Oversight

18F finances in disarray, watchdog warns

18F logo 

The General Services Administration's 18F development and consulting shop has lost $36 million since its inception in FY 2014, according to a new review released by the agency's Office of Inspector General Office.

The OIG's Office of Inspections and Forensic Auditing initiated the study in December, based on concerns expressed "by several senior GSA officials about the management of 18F."

The long-rumored report, released Oct. 24, found the group's plan to reach full cost recovery status has been hampered because of inaccurate financial projects, increased staffing and the amount of time staff spent on "non-billable activities."

Those non-billable activities included extensive outreach and promotion activities. 18F staff reportedly spent 13,989 hours (valued at roughly $2.34 million) "promoting their projects and accomplishments through blog posts, websites, social media accounts, and speaking events," and spent 727 hours (worth just over $140,000), "developing the 18F brand."

The report states that, "18F managers have repeatedly overestimated revenue" and "with the support of the Administrator's office, hired more staff than revenue could support." 18F managers, according to the report, recently pushed the projected break-even date from 2019 to 2020.  

GSA funds18F under a Memorandum of Agreement between its Federal Acquisition Services and Office of Citizen Services and Innovative Technologies (OCSIT), using FAS's Acquisition Services Fund, a revolving fund fed by the revenue generated from FAS' business lines.

That mechanism continued after 18F and OCSIT became GSA's Technology Transformation Service (TTS) last spring.

The OIG evaluation said it also found 18F staffers were working on projects before interagency agreements for the work were completed, before they had the proper signatures or outside of agree-upon performance periods.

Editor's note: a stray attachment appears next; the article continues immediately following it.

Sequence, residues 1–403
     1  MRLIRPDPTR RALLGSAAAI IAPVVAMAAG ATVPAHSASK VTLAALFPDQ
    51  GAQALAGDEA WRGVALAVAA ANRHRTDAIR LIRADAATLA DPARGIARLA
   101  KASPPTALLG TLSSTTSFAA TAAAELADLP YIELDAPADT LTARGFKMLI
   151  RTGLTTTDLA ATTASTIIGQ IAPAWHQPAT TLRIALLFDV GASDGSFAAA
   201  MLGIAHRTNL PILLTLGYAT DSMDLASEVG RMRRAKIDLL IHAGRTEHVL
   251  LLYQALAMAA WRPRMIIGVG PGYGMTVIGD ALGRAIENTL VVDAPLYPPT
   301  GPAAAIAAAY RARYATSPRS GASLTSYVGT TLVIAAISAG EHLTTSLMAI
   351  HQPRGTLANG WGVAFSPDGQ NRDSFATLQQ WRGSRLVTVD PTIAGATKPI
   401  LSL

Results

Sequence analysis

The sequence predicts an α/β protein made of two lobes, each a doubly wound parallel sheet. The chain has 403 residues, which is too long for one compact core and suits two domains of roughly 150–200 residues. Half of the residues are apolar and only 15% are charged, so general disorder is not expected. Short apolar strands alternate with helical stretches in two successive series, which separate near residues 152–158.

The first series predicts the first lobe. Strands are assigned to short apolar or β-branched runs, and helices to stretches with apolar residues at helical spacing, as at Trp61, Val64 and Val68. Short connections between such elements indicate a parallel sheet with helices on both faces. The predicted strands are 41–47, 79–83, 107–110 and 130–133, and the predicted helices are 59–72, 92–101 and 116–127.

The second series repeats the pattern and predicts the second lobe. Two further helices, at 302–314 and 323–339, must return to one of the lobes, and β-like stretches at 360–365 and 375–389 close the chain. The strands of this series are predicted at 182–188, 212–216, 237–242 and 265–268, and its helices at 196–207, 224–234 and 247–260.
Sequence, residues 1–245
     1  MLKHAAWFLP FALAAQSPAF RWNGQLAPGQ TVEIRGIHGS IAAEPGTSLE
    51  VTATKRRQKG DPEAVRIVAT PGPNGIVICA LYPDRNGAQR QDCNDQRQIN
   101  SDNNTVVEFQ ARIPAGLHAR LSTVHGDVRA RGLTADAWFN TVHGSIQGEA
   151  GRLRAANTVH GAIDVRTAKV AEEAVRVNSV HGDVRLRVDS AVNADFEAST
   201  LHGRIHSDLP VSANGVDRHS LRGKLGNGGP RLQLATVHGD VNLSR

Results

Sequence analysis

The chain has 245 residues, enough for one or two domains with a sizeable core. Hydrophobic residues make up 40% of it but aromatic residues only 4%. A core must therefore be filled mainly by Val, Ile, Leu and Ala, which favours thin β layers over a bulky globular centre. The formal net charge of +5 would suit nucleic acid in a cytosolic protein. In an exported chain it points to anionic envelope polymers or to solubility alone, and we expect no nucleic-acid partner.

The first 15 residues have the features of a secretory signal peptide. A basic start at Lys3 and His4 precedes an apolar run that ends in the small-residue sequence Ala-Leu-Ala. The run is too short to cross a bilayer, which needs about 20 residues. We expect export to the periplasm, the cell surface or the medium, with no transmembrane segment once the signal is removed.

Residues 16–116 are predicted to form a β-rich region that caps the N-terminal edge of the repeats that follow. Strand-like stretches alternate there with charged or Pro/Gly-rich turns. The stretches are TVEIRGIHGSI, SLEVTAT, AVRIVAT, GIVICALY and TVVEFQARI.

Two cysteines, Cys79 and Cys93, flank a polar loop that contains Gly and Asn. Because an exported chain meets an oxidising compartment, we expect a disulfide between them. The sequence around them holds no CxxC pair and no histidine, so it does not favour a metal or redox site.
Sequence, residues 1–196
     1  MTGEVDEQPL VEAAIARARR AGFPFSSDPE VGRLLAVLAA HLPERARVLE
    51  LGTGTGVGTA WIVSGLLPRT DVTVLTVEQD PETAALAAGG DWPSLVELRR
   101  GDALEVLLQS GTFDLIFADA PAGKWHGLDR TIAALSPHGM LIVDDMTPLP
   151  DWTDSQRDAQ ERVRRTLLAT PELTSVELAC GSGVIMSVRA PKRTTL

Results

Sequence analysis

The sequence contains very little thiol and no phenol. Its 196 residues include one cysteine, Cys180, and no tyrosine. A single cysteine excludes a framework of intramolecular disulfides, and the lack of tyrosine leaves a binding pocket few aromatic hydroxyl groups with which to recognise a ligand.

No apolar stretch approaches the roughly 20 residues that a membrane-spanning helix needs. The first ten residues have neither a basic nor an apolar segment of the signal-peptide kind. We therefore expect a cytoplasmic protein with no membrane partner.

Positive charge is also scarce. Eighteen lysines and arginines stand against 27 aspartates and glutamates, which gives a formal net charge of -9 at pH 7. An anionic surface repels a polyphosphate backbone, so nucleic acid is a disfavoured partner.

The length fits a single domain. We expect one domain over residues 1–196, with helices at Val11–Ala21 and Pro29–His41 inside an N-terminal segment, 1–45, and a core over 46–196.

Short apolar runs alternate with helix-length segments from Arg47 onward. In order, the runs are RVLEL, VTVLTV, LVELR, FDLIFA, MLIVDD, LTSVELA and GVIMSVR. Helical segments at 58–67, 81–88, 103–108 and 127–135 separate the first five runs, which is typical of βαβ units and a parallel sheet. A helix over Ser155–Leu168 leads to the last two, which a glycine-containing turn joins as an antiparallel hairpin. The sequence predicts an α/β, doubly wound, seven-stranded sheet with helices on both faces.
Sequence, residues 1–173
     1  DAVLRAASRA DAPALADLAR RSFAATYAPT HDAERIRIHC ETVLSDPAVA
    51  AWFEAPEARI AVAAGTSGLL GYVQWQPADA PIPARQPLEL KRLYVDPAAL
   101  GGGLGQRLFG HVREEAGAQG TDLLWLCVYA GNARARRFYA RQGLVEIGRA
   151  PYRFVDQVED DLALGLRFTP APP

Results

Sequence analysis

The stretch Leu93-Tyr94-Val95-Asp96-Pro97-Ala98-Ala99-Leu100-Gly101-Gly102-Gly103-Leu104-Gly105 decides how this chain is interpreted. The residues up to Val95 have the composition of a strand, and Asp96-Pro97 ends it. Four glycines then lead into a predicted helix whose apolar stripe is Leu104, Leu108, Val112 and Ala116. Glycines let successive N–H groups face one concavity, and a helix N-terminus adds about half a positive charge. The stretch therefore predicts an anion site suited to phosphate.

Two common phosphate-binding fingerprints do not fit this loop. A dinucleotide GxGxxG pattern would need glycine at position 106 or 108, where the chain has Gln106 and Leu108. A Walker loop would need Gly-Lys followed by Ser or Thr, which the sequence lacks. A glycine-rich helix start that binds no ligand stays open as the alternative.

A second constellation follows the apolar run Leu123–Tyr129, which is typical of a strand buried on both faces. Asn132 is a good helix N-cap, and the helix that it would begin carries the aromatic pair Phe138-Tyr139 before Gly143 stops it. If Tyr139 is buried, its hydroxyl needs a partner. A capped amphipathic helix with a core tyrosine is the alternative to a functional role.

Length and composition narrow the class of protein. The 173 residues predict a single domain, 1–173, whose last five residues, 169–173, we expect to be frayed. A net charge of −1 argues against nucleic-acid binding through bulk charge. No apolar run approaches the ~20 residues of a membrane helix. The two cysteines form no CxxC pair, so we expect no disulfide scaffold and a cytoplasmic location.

It also found 18F had a manual billing process and "untimely timekeeping and expense recording" that resulted in inaccurate bills for its clients.  It said if the billing discrepancies are left unresolved, 18F's parent, GSA, could be left paying other agencies' augmented appropriations.

This isn't the first time 18F has found itself under scrutiny for financial concerns. A Government Accountability Office study last June also found issues with the unit's financing. That report said 18F lost more than $9 million in FY 2015 and said it was on track to lose $15 million in the current fiscal year, and more than $12 million in FY2017.

The OIG' report recommends that the agency put together a plan to achieve full cost recovery for the Acquisition Services Fund and ensure that  internal 18F projects have appropriate supervisory reviews.  It also urged 18F to implement controls over its reimbursable agreement process, so it doesn't stay outside the specified lines of work in an agreement. Additionally, the OIG concluded, 18F also must get a better handle on its billing processes, put reliable accuracy controls in place and retain billing records under GSA's records management standards.

The OIG evaluation has been in the works since Dec. 2015, in response to concerns from senior GSA officials about 18F financing.

In Oct. 21 reply comments included in the report, GSA CIO and acting TTS Commissioner David Shive wrote, "While 18F's value proposition is clear, we must continue to refine business operations to ensure the organization achieves full cost recovery, and we share your concern with certain activities to date."

Shive announced in his reply comments an updated financial plan for 18F, new management controls, a third-party review of financial processes and a new chief operating officer position at TTS.

Shive has been acting head of TTS since the departure of Phaedra Chrousos in July. The agency is looking for a permanent commissioner for the service, and for a new executive director for 18F, to replace Aaron Snow, who stepped down as 18F executive director earlier this month.

About the Author

Mark Rockwell is a senior staff writer at FCW, whose beat focuses on acquisition, the Department of Homeland Security and the Department of Energy.

Before joining FCW, Rockwell was Washington correspondent for Government Security News, where he covered all aspects of homeland security from IT to detection dogs and border security. Over the last 25 years in Washington as a reporter, editor and correspondent, he has covered an increasingly wide array of high-tech issues for publications like Communications Week, Internet Week, Fiber Optics News, tele.com magazine and Wireless Week.

Rockwell received a Jesse H. Neal Award for his work covering telecommunications issues, and is a graduate of James Madison University.

Click here for previous articles by Rockwell. Contact him at mrockwell@fcw.com or follow him on Twitter at @MRockwell4.


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